use access to connect and modify mysql online database

This question came up as a result of a security question re: MS Access.  Since this is something I have always wanted to know how to do, I thought I would pursue it further.  Here is my new question restated.

How do I use MS Access 2010 to connect to, and modify an online mysql database?
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Scott McDaniel (Microsoft Access MVP - EE MVE )Connect With a Mentor Infotrakker SoftwareCommented:
1) Download and install the MySQL ODBC connector. There are several, but most use the one here:

2) Link your tables to the MySQL database. You'll need to be sure the remote server accepts remote connections, and that you can connect through the correct ports. If you own the server, you can configure these things. If this is a hosted database, you'll need to insure the host allows you to connect remotely (most do). Contact your hosting company to insure this.

3) Manage your data.

That's the simple view, of course, and there are many, many other facets to this. MySQL supports Views (basically server-based queries) that can be used to shape data before you get it into Access (note: Views are often ReadOnly, so be aware of that). MySQL also supports Stored Procedures, which are basically code units that can perform work against the data. Using SPs can dramatically increase performance, since you basically pass off the processing needs to the server, leaving your workstation to manage other tasks.

Note too that Server databases support table-based "triggers", which are sort of like macros that run whenever data in manipulated in your server tables. This can be useful if you need to log updates/deletes, for example.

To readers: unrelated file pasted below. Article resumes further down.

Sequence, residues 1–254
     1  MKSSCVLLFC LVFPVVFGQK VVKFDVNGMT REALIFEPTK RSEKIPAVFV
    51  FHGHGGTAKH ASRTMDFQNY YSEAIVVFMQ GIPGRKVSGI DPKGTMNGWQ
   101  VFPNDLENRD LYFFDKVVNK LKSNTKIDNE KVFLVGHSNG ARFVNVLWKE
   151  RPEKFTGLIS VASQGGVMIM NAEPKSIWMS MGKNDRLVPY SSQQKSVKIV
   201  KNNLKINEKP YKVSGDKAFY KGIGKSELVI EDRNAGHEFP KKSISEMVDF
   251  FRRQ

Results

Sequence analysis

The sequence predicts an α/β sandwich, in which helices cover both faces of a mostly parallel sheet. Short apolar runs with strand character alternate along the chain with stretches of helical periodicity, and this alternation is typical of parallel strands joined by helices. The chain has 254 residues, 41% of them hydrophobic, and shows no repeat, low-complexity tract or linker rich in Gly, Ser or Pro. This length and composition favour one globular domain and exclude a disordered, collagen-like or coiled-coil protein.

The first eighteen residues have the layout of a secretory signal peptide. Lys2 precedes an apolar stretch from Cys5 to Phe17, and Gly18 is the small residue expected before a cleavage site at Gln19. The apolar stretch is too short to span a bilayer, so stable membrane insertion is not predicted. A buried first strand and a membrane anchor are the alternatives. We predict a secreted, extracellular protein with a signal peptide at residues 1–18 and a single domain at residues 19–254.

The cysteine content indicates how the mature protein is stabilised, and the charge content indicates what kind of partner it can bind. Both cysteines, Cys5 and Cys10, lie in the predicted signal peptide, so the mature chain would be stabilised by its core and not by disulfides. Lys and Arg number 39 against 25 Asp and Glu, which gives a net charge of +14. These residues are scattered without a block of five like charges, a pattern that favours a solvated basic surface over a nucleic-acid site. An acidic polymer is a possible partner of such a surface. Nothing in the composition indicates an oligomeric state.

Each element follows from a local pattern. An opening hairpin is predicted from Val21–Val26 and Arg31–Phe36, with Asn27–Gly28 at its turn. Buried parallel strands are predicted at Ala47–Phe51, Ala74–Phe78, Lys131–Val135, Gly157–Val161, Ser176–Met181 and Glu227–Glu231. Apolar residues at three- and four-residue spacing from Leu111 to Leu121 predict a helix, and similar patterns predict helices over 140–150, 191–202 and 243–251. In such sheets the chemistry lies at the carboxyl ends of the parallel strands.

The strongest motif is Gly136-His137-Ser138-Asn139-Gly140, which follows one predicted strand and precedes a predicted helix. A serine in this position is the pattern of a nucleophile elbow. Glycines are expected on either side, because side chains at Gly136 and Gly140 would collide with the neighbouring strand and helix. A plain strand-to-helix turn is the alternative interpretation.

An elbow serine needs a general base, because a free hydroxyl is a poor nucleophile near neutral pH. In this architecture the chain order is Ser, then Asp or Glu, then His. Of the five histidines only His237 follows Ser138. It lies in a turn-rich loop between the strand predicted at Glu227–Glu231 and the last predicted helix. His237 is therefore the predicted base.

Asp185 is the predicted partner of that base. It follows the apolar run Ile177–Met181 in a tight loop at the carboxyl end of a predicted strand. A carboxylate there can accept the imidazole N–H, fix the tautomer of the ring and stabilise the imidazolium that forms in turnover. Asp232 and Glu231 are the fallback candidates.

Scott McDaniel (Microsoft Access MVP - EE MVE )Connect With a Mentor Infotrakker SoftwareCommented:
Note: You'll need to "build" a DSN to the remote MySQL server, or use DSNLess connections. Since you're just learning, I'd do the DSN route at first:

1) Fire up the "Link Tables" dialog. I don't have 2007/2010 on this machine, but it's on the "Data" ribbon I believe.
2) Select "ODBC Database" in the "Files of Type" dropdown. This will start the DSN wizard.
3) Follow the prompts in the wizard, selecting the proper Server. Note you'll most likely want to connect via a valid domain address (like, or whatever your hosting company tells you to use). Your hosting company may also tell you the Port to use when connecting; if so, make sure this matches your settings when building the DSN.
4) Once the DSN is built (and AFTER using the 'Test Connection' button to insure connectivity), you'll be presented with a list of Tables and Views. Select only those you need to work with - you'll likely see a LOT of 'sys' type tables, and you don't need to connect to them. This can really slow down your load times, so only link the ones you need.

Once you do that, you should see your linked tables in the Access container
rtod2Author Commented:
Please excuse the stupidity of my questions as there is likely to be more than one to follow.

1) ODBC connector - Download and install the MySQL ODBC connector. There are several, but most use the one here:

2) Link Tables wizard - Data ribbon > Link Tables > Select Files of Type ODBC Database > Wizard will start

I am using the latest OS and 2010 Office product.  Are you sure that a 'third-party' ODBC connector is required?
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I mentioned briefly in your last question about using odbc, LSMConsulting has given you excellent detailed info. I will not add further to that except a few things about the odbc side.